Unlike most of The Spinners’ Atlantic hits, which feature either Phillipe Wynne or Bobbie Smith on lead vocals, “Mighty Love” has the two alternating on lead tenor, until about the midway point in the 5-minute song when Wynne takes over and ad-libs over the “out” for more than two minutes—not uncommon for soul tunes in this era when dance numbers were beginning to stretch out (in anticipation of the imminent arrival of disco, perhaps). “Thom usually told everyone exactly what to sing, but he didn’t do that with Philippe, at least not on that song. That incredible ad-lib thing at the end was a first take—he just went in there and did it. That was an amazing thing to be in the same room for.” The backing vocal session included both lead singers; group vocalists Jackson, Henderson and Fambrough; and four women backups: Linda Creed (Bell’s frequent co-writer), Barbara Ingram, Carla Benson and Yvette Benton.

Asked how involved The Spinners were with other phases of their music’s creation or production in that era, Murray replies, “Not much at all. It was totally the ‘Thom Bell Show.’ The group wouldn’t come in until it was their vocal session. That was the way Thom liked to work.”

With its big main riff dominated by stirring strings and horns, its bright vocals and optimistic message, “Mighty Love” was firmly from the classic Philadelphia soul mold, and the song soared to Number One on the Billboard Soul Singles chart (and got as high as Number 20 on the “Hot 100” Pop Singles chart) in the winter of 1974. Actually, the “hit” was an edit of the album track—dubbed “Mighty Love, Pt. 1,” the song faded at about the 3:15 mark, eliminating Wynne’s long ad-lib section. (The B-side of the single was “Pt. 2.”) The Mighty Love album peaked at Number 16 on the Billboard Albums chart and produced two other smash singles: “Coming Home” (written by Bell and Linda Creed) and “Love Don’t Love Nobody” (by Jefferson and Simmons). Bell also won the Grammy for Producer of the Year at the 1975 ceremonies. That year, Bell moved to Seattle and Murray relocated to Los Angeles. “I would go up to Seattle and he’d bring in the Philly musicians and we’d do Spinners albums [at Kaye-Smith Studios] and other groups. He did the Elton John EP [The Thom Bell Sessions, cut in 1977] up there. We’d still go do the string and horn arrangements back in Philly and then he’d mix mostly in Seattle. We also did some recording and mixing in L.A., too.”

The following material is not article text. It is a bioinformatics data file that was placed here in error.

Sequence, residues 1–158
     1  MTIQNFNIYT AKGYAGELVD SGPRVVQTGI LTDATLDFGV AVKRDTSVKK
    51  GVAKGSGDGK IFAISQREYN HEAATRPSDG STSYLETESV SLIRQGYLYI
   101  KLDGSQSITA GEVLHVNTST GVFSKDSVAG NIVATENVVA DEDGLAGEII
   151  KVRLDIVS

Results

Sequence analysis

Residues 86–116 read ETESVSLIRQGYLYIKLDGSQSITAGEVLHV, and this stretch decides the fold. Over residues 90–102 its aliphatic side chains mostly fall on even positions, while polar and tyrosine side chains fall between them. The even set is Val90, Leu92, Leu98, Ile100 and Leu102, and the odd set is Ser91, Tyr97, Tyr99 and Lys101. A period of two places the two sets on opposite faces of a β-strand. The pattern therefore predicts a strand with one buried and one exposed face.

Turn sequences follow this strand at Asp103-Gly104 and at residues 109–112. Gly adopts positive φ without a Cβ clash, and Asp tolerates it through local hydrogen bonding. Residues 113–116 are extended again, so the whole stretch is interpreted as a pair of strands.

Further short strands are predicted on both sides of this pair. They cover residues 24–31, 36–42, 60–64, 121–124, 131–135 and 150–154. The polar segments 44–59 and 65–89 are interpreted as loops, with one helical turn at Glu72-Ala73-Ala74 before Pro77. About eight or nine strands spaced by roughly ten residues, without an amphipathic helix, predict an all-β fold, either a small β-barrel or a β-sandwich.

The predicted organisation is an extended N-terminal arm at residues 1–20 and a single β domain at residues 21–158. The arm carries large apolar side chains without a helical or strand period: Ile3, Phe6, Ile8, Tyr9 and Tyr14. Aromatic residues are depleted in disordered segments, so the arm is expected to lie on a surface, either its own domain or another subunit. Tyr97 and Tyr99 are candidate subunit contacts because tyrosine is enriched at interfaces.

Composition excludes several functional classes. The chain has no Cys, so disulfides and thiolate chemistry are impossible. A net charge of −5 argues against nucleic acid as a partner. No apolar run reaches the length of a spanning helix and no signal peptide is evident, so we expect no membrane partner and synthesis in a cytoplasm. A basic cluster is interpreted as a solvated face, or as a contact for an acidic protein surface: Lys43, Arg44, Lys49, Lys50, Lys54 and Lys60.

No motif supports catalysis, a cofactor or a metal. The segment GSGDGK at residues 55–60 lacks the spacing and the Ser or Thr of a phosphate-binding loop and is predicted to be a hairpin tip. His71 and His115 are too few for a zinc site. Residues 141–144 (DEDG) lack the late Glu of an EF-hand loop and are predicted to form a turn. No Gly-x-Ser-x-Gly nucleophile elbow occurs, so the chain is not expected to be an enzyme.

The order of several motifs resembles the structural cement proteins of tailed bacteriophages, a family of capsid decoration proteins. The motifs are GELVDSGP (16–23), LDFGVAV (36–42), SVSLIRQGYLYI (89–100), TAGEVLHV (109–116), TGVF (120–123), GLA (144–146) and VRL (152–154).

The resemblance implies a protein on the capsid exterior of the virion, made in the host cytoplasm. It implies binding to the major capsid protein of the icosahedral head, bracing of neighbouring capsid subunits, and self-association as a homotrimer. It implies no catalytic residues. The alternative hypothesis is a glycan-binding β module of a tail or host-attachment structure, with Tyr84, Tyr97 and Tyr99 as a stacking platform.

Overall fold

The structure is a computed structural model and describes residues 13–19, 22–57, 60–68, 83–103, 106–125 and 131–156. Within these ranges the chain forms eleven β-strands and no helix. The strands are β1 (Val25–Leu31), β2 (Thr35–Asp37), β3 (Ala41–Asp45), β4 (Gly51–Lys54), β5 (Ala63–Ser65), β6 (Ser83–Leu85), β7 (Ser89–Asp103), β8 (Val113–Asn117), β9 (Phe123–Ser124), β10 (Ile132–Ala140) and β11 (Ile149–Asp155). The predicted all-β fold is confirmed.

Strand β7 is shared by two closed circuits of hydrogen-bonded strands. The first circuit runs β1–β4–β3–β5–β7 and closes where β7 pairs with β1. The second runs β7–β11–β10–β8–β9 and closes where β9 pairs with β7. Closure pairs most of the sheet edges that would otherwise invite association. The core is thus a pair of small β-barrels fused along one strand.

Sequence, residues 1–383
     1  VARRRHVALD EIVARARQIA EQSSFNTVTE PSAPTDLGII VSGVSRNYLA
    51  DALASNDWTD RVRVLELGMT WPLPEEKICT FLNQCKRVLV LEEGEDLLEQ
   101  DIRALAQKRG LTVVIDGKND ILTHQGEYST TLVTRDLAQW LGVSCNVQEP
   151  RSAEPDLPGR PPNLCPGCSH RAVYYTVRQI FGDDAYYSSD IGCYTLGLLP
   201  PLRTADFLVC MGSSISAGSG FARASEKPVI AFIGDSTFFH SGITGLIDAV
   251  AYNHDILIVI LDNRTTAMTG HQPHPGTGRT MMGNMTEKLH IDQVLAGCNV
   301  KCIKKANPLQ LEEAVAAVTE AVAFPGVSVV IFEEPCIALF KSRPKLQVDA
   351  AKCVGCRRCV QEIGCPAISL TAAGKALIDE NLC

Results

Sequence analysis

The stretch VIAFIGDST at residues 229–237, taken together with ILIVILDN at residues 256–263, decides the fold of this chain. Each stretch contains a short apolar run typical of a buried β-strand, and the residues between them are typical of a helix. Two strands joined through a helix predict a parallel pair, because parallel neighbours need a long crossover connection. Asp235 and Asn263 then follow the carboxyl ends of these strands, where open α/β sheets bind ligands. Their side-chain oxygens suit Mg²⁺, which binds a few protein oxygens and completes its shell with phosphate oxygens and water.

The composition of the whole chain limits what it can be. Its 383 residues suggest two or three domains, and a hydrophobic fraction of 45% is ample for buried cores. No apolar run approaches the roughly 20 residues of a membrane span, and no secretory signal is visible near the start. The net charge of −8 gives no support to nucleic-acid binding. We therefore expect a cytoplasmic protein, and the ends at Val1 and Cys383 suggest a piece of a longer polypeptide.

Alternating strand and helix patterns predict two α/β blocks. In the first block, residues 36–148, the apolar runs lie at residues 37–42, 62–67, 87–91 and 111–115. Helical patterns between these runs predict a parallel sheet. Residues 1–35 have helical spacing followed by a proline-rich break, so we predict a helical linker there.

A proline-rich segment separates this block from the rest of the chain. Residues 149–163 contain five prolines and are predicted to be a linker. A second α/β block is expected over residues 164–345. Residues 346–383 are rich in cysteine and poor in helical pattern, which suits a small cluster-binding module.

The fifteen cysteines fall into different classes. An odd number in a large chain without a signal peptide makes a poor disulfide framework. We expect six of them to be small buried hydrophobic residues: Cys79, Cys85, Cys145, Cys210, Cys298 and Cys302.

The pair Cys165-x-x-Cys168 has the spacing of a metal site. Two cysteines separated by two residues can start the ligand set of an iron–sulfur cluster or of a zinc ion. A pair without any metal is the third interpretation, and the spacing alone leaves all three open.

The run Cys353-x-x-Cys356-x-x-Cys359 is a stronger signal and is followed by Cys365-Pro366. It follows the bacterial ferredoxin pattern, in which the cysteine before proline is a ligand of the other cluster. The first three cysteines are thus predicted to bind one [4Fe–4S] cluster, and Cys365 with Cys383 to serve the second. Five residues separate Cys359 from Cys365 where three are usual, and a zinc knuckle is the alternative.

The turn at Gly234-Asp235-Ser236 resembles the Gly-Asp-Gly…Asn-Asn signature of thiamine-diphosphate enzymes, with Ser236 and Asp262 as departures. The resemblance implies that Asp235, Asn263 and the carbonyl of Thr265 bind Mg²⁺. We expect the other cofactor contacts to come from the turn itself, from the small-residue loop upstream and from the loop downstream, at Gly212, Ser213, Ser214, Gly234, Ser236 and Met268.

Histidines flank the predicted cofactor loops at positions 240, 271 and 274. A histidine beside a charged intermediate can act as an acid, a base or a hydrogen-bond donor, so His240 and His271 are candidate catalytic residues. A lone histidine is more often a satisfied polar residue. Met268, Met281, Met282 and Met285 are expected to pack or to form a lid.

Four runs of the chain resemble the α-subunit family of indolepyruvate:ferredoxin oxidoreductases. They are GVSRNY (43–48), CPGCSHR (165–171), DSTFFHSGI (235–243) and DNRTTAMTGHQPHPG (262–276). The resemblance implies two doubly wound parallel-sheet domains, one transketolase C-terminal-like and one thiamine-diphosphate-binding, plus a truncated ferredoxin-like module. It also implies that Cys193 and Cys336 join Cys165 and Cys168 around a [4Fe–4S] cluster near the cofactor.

As for The Spinners, they had a couple more big hits before Wynne left the group in early 1977 (replaced by John Edwards), and their association with Bell ended two years after that. Still, they continued to turn out hits into the early ’80s and nurtured a huge following in England. There has been tremendous turnover within the group in the years since then, but The Spinners have managed to thrive on the oldies/nostalgia circuit. Bobbie Smith and Henry Fambrough are the sole remaining original members.

“We got spoiled with every song being a hit for Gamble, Huff and Bell,” Murray says today of that golden time. “I look back on it now and I can’t believe I was a part of it!”